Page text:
Although less than 2% of vehicles on Irish roads are motorbikes, 12.5% of road deaths are motorcyclists. Motorcyclists are at a considerably higher risk on the roads as they are more exposed and more likely to be injured in the event of an accident. While motorbikes may be an efficient and exhilarating way of travelling, motorcyclists are more exposed and thus more attention needs to be paid to safety considerations.
Good Quality Gear
First of all, it’s important to have the correct gear. A good quality helmet is essential; it could save your life, so don’t be stingy. If your helmet doesn’t have a glass visor, you’ll need goggles to protect your eyes from any flies, chips or other airborne creatures and debris – you don’t want to be deprived of your eyesight when travelling on a motorbike at 100km per hour! Likewise, you should wear padded, protective clothing in fabrics such as nylon, leather or Kevlar as these will be able to withstand skidding on tarmac or other road surfaces, protecting your skin and body. A reflective vest should be worn in the hours of darkness so other drivers are aware of your presence on the road.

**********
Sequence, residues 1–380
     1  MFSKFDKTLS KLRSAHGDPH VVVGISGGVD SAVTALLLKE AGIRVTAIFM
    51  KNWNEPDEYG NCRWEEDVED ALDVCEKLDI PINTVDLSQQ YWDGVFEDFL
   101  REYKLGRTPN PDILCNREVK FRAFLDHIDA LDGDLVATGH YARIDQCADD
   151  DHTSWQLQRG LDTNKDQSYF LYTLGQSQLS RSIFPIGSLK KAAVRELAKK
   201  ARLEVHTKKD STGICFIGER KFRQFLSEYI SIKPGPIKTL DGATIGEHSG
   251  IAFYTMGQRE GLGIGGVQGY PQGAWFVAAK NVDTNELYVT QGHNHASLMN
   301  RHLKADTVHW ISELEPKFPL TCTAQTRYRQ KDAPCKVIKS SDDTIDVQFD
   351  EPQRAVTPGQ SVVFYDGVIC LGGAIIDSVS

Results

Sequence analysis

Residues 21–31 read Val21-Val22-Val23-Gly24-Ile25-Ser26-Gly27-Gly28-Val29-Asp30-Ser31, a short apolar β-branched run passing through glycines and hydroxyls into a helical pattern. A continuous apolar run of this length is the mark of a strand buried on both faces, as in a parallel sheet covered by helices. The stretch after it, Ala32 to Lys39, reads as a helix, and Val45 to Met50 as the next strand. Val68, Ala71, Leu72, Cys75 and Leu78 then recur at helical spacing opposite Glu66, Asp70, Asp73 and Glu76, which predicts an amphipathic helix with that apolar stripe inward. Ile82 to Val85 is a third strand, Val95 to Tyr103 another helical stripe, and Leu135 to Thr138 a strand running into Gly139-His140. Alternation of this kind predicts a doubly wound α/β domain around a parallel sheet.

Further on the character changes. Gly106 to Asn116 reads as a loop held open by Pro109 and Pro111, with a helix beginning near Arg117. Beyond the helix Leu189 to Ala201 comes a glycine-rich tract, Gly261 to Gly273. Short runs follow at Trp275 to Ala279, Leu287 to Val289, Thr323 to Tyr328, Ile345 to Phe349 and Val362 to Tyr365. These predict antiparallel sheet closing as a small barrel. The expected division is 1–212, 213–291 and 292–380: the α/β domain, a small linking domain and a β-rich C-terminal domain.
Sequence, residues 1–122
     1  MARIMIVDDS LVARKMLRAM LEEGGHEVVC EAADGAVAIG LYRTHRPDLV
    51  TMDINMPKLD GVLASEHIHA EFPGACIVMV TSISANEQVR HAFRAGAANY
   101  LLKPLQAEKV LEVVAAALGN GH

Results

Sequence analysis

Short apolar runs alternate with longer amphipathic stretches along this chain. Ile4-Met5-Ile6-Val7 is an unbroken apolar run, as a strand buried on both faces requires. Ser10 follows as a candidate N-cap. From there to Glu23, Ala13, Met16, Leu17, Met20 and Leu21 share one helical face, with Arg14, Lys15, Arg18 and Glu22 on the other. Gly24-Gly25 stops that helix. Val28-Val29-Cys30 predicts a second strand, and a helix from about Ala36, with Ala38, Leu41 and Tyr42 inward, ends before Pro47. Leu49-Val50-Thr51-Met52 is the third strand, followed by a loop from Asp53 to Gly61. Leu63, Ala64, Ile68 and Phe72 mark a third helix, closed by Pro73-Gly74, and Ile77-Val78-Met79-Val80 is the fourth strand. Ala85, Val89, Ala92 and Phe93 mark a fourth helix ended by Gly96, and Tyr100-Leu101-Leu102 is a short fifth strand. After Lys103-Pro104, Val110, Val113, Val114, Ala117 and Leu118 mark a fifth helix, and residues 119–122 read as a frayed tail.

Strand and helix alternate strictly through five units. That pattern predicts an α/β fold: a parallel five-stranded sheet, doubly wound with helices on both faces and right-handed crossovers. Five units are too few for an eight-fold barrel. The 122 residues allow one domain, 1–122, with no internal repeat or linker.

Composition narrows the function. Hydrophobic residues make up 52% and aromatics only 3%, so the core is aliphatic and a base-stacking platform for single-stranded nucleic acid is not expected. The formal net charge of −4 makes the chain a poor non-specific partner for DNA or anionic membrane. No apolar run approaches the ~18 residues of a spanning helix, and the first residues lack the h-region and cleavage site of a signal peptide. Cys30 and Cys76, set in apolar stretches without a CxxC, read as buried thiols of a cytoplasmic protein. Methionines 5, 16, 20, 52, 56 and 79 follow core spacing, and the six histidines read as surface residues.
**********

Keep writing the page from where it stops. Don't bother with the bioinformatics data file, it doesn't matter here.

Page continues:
Extra Weight and Passengers
If carrying weight on your motorbike, ensure that it does not exceed the maximum recommended weight for your make of bike and distribute it evenly on the motorbike, ensuring that it is secure before driving. Only carry a passenger if you are an experienced driver and are comfortable doing so; otherwise you are putting both your and your passenger’s lives at risk. If you do carry a passenger, he or she must also wear protective gear, including a helmet, in order to decrease the risk of serious injury in the event of an accident.
Riding a motorbike requires alertness and concentration, so if you feel fatigued or if you have consumed any alcohol, do not ride your motorbike as a lapse in concentration could be fatal. When driving, do not overtake unless you can see the road in front of you clearly and take a quick look behind you before you pass someone out to make sure you are fully aware of all the vehicles on the road and their movements. Braking when driving a motorbike is much more like braking on a bicycle than it is like braking when driving a car, so be sure to master braking fully to avoid being vaulted over your handlebars. Finally, when biking in a group, only ever drive in a way you’re comfortable with.
If you take the above safety considerations on board and always drive carefully, there’s no reason why you shouldn’t spend many years driving your motorbike around the country without incident – and if ever you are in an accident, you’ll be well-protected and you won’t regret having spared a thought for safety.